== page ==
Dr Ndlozi shouted that people had been vaccinated and that future meetings should take place in Parliament and then one would see what powers the Chairperson had to cut him off.
The Chairperson asked Dr Ndlozi why he was behaving so badly.
Dr Ndlozi responded that the cause of his behaviour was injustice and white privilege.
The Chairperson reminded the Committee Secretary that he had asked for people to be removed if they did not follow the rules. He requested that Dr Ndlozi be removed from the platform.
Dr Ndlozi said that he was still waiting to see the power of the Chairperson to remove him.
The Chairperson again requested to be made co-host on the platform for the following meeting so that he could carry out his instructions if the Committee staff did not obey his instruction.
The Chairperson summarised the situation. A Senior Counsel had been requested to determine whether there was sufficient evidence for the Committee to proceed. The majority of Members agreed that the Committee should proceed with the charge against Mr Paulsen and to appoint an evidence leader. Members had requested that an additional charge of contempt towards the Deputy Speaker be added and that would be done. If the Committee arrived at a different conclusion after the evidence had been led, that would be part of the process.
The Chairperson stated that the behaviour of Dr Ndlozi had to be rejected with the contempt that it deserved. It was not the conduct expected from Members of Parliament. All the Committee Members had the right to express their views. Dr Ndlozi could not be allowed to continue with his behaviour that was contrary to the rules even after he had been asked to leave the meeting. The Committee should express its serious reservation about his behaviour. Members should not become emotional. Members should also be democrats and accept the views of the majority of the Members. In the first matter, the Members had accepted Dr Ndlozi’s proposal to dismiss the matter and he had to accept the views of other Members in the second matter.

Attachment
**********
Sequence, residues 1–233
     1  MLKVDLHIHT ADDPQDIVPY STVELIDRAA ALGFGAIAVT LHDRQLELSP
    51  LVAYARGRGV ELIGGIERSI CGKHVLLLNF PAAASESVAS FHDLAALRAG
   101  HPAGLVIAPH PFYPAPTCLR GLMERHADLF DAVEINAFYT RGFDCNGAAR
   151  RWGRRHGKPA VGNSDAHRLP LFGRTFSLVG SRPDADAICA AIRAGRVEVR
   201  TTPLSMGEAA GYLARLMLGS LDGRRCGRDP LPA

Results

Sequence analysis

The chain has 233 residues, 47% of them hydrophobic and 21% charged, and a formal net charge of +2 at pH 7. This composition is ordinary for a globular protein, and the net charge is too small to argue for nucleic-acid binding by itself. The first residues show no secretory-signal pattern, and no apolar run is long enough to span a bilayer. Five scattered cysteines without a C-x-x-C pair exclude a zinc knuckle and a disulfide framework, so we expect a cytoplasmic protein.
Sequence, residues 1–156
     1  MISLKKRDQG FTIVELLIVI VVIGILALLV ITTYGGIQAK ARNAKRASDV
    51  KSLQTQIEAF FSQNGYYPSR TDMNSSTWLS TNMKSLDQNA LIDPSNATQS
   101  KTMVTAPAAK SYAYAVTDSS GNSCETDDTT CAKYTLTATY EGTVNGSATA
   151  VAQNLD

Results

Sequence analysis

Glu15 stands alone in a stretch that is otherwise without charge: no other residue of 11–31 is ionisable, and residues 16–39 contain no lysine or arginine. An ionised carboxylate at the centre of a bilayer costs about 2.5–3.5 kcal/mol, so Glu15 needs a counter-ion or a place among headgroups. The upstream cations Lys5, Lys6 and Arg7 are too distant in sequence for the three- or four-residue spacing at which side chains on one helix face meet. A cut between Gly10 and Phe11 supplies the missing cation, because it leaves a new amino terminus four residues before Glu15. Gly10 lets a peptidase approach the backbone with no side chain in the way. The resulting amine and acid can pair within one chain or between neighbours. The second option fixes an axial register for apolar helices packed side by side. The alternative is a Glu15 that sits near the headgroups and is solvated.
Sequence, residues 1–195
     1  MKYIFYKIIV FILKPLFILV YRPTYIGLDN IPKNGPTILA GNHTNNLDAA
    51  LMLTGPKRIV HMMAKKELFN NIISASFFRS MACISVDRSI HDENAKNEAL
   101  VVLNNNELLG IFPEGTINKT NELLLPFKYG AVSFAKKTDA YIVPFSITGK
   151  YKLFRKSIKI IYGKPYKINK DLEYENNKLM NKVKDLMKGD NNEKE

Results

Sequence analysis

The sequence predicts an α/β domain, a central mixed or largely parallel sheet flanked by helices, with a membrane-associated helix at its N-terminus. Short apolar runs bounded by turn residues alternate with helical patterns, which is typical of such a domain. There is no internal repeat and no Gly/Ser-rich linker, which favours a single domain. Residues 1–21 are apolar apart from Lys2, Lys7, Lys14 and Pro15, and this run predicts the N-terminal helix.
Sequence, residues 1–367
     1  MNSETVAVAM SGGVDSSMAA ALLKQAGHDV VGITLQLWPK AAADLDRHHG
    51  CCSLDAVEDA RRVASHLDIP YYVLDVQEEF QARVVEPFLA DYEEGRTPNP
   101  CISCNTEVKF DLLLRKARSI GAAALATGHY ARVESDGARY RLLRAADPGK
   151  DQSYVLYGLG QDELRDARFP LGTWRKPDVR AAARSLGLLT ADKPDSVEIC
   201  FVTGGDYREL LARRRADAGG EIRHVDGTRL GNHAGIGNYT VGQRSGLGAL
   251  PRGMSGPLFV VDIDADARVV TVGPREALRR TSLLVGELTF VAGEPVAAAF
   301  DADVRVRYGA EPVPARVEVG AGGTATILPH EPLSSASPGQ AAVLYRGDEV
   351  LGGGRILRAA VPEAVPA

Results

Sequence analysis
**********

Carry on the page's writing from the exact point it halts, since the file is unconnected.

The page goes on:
The Chairperson stated that the first thing would be to appoint the Initiator who would guide the Committee and its staff. Correspondence would be sent to those involved, especially Mr Paulsen who would have to be notified of the date of the hearing. He would communicate the date of the formal hearing to Members once all processes had been set up.
The Chairperson adjourned the meeting.
- Dr Makhubela submission to Speaker
- Response from Dr Makhubela 04/06/2021
- Media Statement: Powers and Privileges Committee to Institute an Inquiry into Alleged Contempt of Parliament by a Member of Parliament
- Unrevised Hansard NA 2 March 2021
- Report on Ms N W A Mazzone MP complaint against Mr N Paulsen MP 26 Jul 2021 (Aedited by VN, TG & NI)
- Response from Hon. MN Paulsen - received 20.05.2021
- MInutes NA 02 March 2021
- Referral from Speaker on incident of 2 March 2021
- Advice on complaint by Hon. Mazonne against Hon. Paulsen
- Conduct DA complain against Mr N Paulsen during sitting of the House on 2 march 2021.March 2021
- Letter from Chairperson to Hon N Paulsen - incident of 2 March 2021
- Response letter from Acting Minister in Presidency dated 31.05.2021 received on 28.07.21
- Report on Dr Makhubela matter dated 22.07.2021
- First Response letter from MsT Tobias-Pokolo (Chairperson of BrandSA)
- Second Response letter from Ms T Tobias-Pokolo (Chairperson of BrandSA)
- DPSA Portfolio Committee March 2021
- Letter to Chair of Powers & Privileges Committe RE Alleged Misrepresentations before Portfolio Committee March2021
- Letter to Chair T Tobias of Brand SA 10 May 2021
- Letter to Presidency from Chairperson of Committee
- Presidency letter from Chairperson dated 31.05.2021
Mapulane, Mr MP
Dlakude, Ms DE
Hoosen, Mr MH
Lotriet, Prof A
Mazzone, Ms NW
Ndlozi, Dr MQ
Peters, Ms ED
Siwela, Ms VS
Tseke, Ms GK
Download as PDF
You can download this page as a PDF using your browser's print functionality. Click on the "Print" button below and select the "PDF" option under destinations/printers.
See detailed instructions for your browser here.